141. juan pancake

      european models are beautiful but they drink too much and their complexion is the first thing to go.

  142. juan pancake

      The Left should just stick to calling itself The Left for a while

  143. Uncleherukschel

      it stinks that there is now more fanfare concerning OWS vs Cops than OWS’s arguments/appeals. It feels almost deliberate in a DHS/FBI/Pentagonian sort of way. “Is the Left organizing again? eff…hey, I have an idea! People love that show COPS, don’t they?”

  144. Guestagain

      or is it hear hear? an African American friend refers to Cain as a “monkey” among other things that I would not repeat because I am just that sensitive. once again (and again and again ad nauseam) the crux of the issue is major segments of the American economy being exported, primarily to china, and wall street and banks and government (left and right) have colluded on this. the even more depressing news is everyone uniformly says that these jobs can never come back except for this one person (take a deep breath into the diaphragm) Trump. he objectively lists the cause and effect chains and a set of tax/tariff/import/export policies that would put the empty commercial and residential spaces to use and set unemployment back below 6% so nobody would be in the streets and the wealthy getting wealthier debate and discussion would be just that. I might not support Trump for Pres, but certainly for Treasury, yes… I dream of writing a fantasy government game riffing off fantasy football but players would have to wait four years to score it so probably not the best use of product dev time

  145. SuckMyPasolini

      that must be the only note you are able to hear, dear deadie
      wrong siren.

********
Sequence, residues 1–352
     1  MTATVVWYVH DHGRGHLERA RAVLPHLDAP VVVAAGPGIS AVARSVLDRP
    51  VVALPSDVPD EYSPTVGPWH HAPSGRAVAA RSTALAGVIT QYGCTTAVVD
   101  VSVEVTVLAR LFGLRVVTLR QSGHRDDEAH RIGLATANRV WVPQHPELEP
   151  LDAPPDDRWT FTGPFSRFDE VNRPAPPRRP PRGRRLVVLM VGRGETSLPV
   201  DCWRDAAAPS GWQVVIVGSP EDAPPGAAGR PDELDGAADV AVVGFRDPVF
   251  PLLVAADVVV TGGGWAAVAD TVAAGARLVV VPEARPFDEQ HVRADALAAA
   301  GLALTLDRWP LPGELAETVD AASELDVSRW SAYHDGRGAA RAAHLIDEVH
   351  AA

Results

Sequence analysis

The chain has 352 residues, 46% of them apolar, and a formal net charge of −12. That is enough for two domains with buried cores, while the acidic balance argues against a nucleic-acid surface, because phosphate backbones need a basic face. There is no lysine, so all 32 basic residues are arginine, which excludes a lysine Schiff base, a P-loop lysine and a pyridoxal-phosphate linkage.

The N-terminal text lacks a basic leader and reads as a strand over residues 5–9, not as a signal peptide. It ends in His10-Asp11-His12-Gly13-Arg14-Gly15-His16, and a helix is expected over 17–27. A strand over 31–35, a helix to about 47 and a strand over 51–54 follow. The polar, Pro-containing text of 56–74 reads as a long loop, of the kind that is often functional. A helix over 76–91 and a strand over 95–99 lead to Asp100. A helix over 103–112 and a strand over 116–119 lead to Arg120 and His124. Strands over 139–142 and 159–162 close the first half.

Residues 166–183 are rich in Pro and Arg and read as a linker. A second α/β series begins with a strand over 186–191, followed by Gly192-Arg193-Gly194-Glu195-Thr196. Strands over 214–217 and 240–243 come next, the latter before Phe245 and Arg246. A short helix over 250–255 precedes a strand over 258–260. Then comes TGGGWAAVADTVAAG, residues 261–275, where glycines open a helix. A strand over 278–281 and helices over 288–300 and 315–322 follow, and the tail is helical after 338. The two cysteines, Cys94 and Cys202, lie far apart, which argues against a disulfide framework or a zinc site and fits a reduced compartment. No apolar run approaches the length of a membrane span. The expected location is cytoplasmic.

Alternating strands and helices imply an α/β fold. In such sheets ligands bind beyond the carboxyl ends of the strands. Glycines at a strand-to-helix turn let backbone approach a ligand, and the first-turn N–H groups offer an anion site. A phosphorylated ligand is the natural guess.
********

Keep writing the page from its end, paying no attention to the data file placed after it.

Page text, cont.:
146. Anonymous

      seems to me that this is what occupy is about, that we are all–the majority of us–brutalized each day, yes, by the cops when things get to that place, but more so economically. that the poor take the brunt of that economic brutaility should be clear, except that our culture largely blames the poor for their own poverty while rigging the system to keep them there (get caught in the cascading penalties of the motor vehicle administration to realize how the poor are penalized for being poor). that these college students are standing in as examples for this larger brutality is some start, we can hope, to a greater conciousness of how this all works.

  147. Anonymous

      have you seen this one? what gets me almost as much as what the marine is saying are the looks on some of the young cops’ faces, in almost pain over what is being said to them, http://www.youtube.com/watch?v=80VAOPaCG3s. it also makes me think about what that ex-police chief from philly who got arrested for protesting said about the job of the ‘white shirts’ is to supervize and make sure things don’t get out of hand. it looks to me like this one was done right, on all sides. 

  148. SuckMyPasolini

      That is fucking amazing.

  149. Nick Moran

      No, I think tuition and loans to pay that tuition should not be abolished. The main qualm I have is that college tuition is outrageously expensive right now — mostly, as my original comment insinuated, to afford the bloated administration at each university. At a time when income levels for most people aren’t rising, it’s outrageous that the average university’s tuition has gone up ~10% each year for the last decade and a half.

      And no, federal student loans actually aren’t the best loans in the world for one simple reason: you can’t escape them. If you file for bankruptcy, that loan stays with you.

  150. Nick Moran

      That’s pretty much what I meant by “decent” career, too. I used an intentionally vague definition because the metric should be: work hard, work often, get to live at a level commensurate with that effort.

  151. karltaro

      on the one hand, many comments are attacking the cops as cretinous or, as you say below, “who gives a fuck” about the cops and their feelings. Fine. If that’s the case, then how can we expect them to act in any manner other than how they did? that’s the point of the orwell essay, isn’t it? (I did read The Atlantic essay, and I’m not sure I agreed with the final takeaway. Yes, I am taking a more deterministic view.) The situation, the power dynamics going in, dictate inhumane action. my point is that the cops were put in a position where for a number of reasons, yes, including their egos (which always play a part) they made a terrible decision, one that I am arguing is one very logical result of the situation. but they were PUT in that position. who put them there? if you feel they put themselves in that position, then we’ll never agree.
      if i were a cop in that situation, I would hope I would have the wisdom and strength to “back off”, but I have my doubts. 

  152. deadgod